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 Post Harvest Information for Arecanut  
 Package of Practice | Integrated Plant Protection | Varietal Selection  


Areca Nut Curing

Areca nut (Areca catechu) is popularly known in India as Supari and Shrivardhani. In Meghalaya it is named as Kwai. It thrives in the area owing to heavy rainfall and good drainage. The areca nut is a shade loving plant. The climatic conditions of Meghalaya suit the trees due to the high rainfall (3000 mm). Steep slopes allow continual drainage and clouds provide enough shade for the luxuriant growth of the plant. There is around 6200 hectare area under nut cultivation, which yield around 4200 to 5900 tonnes of the produce every year in the state. Areca nut is considered to be a native of Malaya. This is extensively grown in North Eastern part as well as peninsular Indian region. The palm is tall and slender with a smooth whitish stem reaching a height of 12 to 18m. The stem surmounted by a crown of pinnate leaves. 1-2 m long among which the pinnate is confluent. The fruit is ovoid which is approximately 2.25 cm across and 3.79-6.00 cm long. The fully ripe fruits look bright orange. The pericarp (60%) is hard and fibrous and the kernel (seed 40%) is called areca nut. The nut is about 2.25-3.25 cm in diameter, 2.00-3.00 cm long, varying in shape from conical to spherical and brown in colour with the white tints.

Method of Consumption and Curing in NE Region

The fruit (nut) is consumed in different manners. The crudest way is to get the ripe fresh fruit, shell it with a knife and then cut it into four pieces. One such piece is consumed (chewed) with lime and betel leaf. Ripe fruits are generally harvested for a large scale sale. The nut is also consumed after curing in water. The fresh fruits with husk (little less ripe) are cured in flowing water for some period. The process helps in loosening the husk. This way husk can come out from the nut by hand. About 22% of husk still remains over which is removed with the help of knife. The nut is consumed along with lime and betel leaf and relished by the local khasis. The curing is mainly for taste, improvement in colour and easy removal of husk. These practices are common in Meghalaya.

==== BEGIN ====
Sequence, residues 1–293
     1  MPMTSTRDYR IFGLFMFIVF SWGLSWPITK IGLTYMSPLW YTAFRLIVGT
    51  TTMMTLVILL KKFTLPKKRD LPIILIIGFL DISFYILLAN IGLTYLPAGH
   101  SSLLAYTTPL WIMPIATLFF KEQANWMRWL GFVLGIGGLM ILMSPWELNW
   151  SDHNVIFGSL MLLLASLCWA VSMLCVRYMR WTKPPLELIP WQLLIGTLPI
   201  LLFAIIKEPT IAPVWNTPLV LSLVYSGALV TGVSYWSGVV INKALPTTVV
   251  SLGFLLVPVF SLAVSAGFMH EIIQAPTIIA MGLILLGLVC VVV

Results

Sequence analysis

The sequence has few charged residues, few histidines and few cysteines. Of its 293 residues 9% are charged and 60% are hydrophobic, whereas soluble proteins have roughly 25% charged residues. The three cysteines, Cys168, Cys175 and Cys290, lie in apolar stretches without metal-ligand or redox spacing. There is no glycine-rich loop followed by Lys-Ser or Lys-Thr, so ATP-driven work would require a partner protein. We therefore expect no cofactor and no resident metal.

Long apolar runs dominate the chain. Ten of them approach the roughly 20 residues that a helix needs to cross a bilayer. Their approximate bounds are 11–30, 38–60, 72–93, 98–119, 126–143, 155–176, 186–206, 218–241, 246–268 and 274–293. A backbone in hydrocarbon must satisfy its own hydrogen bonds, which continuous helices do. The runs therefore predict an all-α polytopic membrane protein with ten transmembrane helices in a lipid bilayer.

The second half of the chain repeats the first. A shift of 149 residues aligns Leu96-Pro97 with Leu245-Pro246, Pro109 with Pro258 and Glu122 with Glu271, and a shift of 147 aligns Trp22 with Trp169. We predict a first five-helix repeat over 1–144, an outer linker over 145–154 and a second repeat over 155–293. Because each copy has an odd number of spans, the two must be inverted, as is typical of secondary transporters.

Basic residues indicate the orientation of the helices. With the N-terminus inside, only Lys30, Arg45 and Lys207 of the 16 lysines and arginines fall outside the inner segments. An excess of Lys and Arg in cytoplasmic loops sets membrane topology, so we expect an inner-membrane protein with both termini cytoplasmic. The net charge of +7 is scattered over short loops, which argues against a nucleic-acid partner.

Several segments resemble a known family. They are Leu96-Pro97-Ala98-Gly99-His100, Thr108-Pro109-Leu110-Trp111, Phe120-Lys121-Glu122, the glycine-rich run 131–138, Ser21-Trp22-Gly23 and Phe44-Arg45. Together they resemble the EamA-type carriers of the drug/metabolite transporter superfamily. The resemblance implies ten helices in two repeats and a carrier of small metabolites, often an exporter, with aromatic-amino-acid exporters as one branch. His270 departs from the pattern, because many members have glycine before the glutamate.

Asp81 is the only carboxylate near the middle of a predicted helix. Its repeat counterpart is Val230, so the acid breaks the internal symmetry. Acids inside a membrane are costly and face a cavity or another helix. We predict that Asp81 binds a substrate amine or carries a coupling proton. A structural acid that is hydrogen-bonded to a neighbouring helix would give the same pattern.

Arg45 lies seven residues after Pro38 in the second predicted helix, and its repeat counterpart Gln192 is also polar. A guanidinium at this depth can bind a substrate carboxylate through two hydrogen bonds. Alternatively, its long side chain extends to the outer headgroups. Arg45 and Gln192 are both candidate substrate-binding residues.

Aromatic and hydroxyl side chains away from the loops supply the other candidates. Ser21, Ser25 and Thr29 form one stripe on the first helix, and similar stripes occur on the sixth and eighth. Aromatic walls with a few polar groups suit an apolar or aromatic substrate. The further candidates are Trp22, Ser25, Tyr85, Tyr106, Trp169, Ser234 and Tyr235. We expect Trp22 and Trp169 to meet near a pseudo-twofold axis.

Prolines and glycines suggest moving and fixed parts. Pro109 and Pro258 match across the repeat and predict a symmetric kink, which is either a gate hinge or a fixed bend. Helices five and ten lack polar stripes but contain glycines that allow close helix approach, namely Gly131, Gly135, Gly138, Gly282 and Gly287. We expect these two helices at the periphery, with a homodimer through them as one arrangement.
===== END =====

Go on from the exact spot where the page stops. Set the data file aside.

Assam and Tripura also grow areca nut extensively. In Tripura state the dry nut is consumed in small pieces with betel leaf and lime. No special type of curing is practiced in the state. Nuts are cured in Upper Assam by keeping the fruits in the pits. A circular pit is dug in the open area around the houses. The size of the pits varies from 2 to 3 m in diameter and 3 to 4 m in depth as required. The pit is plastered with leaves and cowdung at the bottom and inside on the wall. The freshly harvested fruits are charged normally in April and early May for curing. The upper half-meter layer is again filled with leaves, cowdung up to the ground level. Then the pits are opened in December to January for sale and consumption of the cured produce. Another popular method of processing of nuts in Assam consists of boiling of the immature fruit for about 2 hours after the removal of husk and drying in the sun. The produce is known as Chikani. Such fruits are relished by local Assamese people. The modern methods of nut- producing consists of reducing the nut into slices, wafers or grits, followed by drying, flavouring, scenting, colouring and softening. Such processed nut is chewed with betel leaf and eaten sometimes directly.

Curing of Areca nut in Meghalaya

People of Meghalaya are fond of taking fresh fruit instead of processed one. But fresh fruits are not available round the year as the harvesting periods in the areas are November to December and March to April. Some of the produce is disposed off in the market, whereas slightly immature fruits are cured to improve their quality. The Khasi cure the areca nut in the flowing water. The technique might have been developed by the trial and error method. In olden day a tribal family used to store the areca nuts in earthen pots of water for maintaining their moisture and freshness.

The water used to be changed every week. Now the areca nuts are cured collectively as a community project in the Ri-War area of Meghalaya (near Cherrapunjee). A typical curing of Areca nut (figure above) consists of the following components;